Update 2020 – Kransberg Castle in Germany, former Nazi headquarters

Kransberg Castle is mostly known for having been Goering’s secret headquarters and where the American forces held the scientist Wernher von Braun’s family members in hiding from the Russians.

Schloss Kransberg

In 2012, I had to chance to visit the castle with the author Annie Jacobsen. More here: A Visit to Schloss Kransberg

The local paper, dated 28 May 2020, reported about the recent sale of the castle. For many years, the castle had just settled in dust, until 2012, when it had two potential buyers. The sale never came through though.

Now it has been sold to a Turkish-rooted investment company. The city of Usingen, which had the pre-purchase right, turned down the offer to buy it. The purchase price remains in the dark, but it is supposed to be below 1 million euro.

The new owner, Mr. Bilgiç Ertürk, had planned to turn the castle into an educational institute. Other Turkish investors supposedly had voiced their interest in cooperating with european universities.

These plans did not materialize, and so, concerts and weddings are taking place there now.

A Visit to Schloss Kransberg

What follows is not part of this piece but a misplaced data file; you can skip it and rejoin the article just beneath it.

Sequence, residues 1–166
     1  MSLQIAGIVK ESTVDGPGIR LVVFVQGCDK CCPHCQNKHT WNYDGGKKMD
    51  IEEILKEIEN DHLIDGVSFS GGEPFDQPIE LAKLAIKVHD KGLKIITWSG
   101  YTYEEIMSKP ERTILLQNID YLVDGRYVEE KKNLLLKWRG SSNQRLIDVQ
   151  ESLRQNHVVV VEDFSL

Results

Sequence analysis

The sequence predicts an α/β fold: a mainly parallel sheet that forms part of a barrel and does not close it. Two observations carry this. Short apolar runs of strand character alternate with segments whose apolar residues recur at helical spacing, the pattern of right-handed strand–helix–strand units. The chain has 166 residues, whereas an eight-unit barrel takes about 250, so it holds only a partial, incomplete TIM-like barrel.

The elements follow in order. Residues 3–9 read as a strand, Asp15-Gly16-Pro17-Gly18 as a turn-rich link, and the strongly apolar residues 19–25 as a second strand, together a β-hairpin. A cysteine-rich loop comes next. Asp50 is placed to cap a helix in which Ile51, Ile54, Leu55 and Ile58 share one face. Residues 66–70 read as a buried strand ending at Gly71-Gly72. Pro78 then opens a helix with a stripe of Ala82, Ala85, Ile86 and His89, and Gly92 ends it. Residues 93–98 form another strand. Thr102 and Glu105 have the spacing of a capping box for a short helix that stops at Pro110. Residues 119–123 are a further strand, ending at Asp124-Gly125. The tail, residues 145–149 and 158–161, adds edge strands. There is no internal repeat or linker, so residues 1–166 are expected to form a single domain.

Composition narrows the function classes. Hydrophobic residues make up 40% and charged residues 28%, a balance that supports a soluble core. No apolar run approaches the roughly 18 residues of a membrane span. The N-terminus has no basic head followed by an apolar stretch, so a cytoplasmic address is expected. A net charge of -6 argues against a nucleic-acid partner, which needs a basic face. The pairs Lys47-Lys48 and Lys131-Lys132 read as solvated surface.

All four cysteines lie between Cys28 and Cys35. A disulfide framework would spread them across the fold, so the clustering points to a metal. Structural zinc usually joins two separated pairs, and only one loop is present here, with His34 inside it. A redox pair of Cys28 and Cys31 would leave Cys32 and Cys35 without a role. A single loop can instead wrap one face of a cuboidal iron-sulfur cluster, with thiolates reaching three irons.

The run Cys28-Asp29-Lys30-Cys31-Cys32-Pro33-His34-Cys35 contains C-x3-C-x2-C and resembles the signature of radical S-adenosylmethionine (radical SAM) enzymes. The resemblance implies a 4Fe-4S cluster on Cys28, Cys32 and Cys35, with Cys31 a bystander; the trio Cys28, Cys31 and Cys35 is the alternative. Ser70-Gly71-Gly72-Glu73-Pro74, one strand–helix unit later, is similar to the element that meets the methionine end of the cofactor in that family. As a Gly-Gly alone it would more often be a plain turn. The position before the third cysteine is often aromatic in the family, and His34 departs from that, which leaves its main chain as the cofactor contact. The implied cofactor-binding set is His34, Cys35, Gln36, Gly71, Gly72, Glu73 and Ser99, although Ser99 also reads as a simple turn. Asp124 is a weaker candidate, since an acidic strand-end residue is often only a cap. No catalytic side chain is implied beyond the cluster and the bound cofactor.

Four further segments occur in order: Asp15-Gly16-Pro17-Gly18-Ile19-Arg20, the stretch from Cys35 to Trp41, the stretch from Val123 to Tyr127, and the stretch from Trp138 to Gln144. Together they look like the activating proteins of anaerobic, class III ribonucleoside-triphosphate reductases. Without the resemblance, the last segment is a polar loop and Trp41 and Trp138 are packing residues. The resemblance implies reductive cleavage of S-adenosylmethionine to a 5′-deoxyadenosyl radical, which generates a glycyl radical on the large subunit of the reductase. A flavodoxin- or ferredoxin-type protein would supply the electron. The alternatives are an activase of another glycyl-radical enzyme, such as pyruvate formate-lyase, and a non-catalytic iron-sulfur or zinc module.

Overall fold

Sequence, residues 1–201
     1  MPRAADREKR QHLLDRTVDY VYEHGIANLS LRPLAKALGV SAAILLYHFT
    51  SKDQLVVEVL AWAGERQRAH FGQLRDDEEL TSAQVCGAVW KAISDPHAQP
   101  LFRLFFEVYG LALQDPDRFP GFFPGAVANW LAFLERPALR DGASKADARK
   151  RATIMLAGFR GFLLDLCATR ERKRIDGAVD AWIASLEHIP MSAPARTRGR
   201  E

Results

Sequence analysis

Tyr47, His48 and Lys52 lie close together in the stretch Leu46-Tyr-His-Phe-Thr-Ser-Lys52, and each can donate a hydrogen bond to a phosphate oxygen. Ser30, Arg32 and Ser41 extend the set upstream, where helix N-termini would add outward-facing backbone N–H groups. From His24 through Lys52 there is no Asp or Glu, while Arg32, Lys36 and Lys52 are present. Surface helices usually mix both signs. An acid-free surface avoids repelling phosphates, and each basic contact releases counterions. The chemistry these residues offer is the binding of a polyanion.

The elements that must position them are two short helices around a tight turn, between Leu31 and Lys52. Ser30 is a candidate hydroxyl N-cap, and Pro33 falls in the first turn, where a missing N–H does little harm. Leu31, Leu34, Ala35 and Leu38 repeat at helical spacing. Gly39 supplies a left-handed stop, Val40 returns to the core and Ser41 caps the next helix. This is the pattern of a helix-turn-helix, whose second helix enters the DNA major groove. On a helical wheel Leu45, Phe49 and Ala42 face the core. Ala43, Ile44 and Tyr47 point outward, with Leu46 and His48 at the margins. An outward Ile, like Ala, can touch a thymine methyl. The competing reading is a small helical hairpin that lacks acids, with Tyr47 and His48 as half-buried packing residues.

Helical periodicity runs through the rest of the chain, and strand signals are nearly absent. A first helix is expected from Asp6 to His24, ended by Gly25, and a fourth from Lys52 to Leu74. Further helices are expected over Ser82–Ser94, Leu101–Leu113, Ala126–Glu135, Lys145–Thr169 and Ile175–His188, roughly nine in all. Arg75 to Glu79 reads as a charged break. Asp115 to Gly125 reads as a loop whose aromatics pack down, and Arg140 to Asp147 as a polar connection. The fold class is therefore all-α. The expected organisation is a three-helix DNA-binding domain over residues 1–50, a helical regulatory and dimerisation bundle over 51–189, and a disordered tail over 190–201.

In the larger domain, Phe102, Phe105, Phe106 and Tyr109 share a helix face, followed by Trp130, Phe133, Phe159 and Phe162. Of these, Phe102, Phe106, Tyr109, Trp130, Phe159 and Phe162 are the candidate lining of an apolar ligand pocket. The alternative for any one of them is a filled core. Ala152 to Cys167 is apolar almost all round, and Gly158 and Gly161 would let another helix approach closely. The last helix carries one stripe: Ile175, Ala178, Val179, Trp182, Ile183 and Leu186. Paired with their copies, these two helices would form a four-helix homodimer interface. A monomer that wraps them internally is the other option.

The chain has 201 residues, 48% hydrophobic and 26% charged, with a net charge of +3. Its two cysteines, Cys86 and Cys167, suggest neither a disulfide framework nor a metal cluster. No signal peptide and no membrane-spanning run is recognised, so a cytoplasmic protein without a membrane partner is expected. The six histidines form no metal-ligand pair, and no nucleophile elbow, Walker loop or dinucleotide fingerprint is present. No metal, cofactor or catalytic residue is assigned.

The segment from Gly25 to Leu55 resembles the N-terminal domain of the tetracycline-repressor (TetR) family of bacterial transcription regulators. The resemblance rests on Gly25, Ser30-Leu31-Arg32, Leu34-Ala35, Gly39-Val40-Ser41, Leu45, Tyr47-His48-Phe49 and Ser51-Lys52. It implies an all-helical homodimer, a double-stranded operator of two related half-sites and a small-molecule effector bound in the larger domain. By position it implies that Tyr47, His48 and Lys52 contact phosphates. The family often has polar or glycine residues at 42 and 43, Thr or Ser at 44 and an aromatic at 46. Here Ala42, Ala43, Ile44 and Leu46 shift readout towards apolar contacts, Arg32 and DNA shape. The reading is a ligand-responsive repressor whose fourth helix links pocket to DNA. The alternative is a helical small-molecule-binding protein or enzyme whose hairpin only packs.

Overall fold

With the help of the author and Los Angeles Time journalist, Annie Jacobsen, who was granted permission to visit the castle for research on her next book, Mr. Kopp, the Camp King Historian and I were able to gain access to Schloss Kransberg.

Ms Jacobsen also visited Camp King as her forthcoming book will include two chapters about its former intelligence center. Next on her list for further research was Schloss Kransberg, mostly known for having been Goering’s secret headquarters and where the American forces held family members of the scientist Wernher von Braun in hiding from the Russians.

So, here is what we saw.

Driving from Oberursel to Kransberg takes about 30 minutes.


After we parked the car, we walked up the hill towards the castle.

It was a good idea as the castle was teeming with police cars, police men, trucks and vans, and serious looking people.
We had walked onto a film set! From the local papers I just learned that Nele Neuhaus’s novel Schneewittchen muss sterben ( Snow White Must Die from Amazon.de) is being made into a movie and one of the filming locations was Schloss Kransberg in Usingen.

Filming “Snow White Must Die”

Quoting the sign During WW 2, Schloss Kransberg was part of the Adlerhorst head quarters in Ziegenberg.

I am standing in Goering’s Arbeitszimmer (office).

Goering’s office at Schloss Kransberg

The building superintendent, Jan Herrmanns, is giving us a tour of the castle grounds.

The Offizierskasino (Officers’ Club) was impressive.

The Officers’ Club at Kransberg

Schloss Kransberg

A memorable trip down into the Bunker (bomb shelter)

Bomb shelter at Kransberg

We left the building through this bomb shelter door.

Kransberg Bunker

Schloss Kransberg is mentioned in quite a few books, among them The Good German (Amazon.de).

This castle has seen so many visitors, among them unusual tenants (Michael Jackson had rented part of it for his European office), movie makers, war lovers, and peace keepers.


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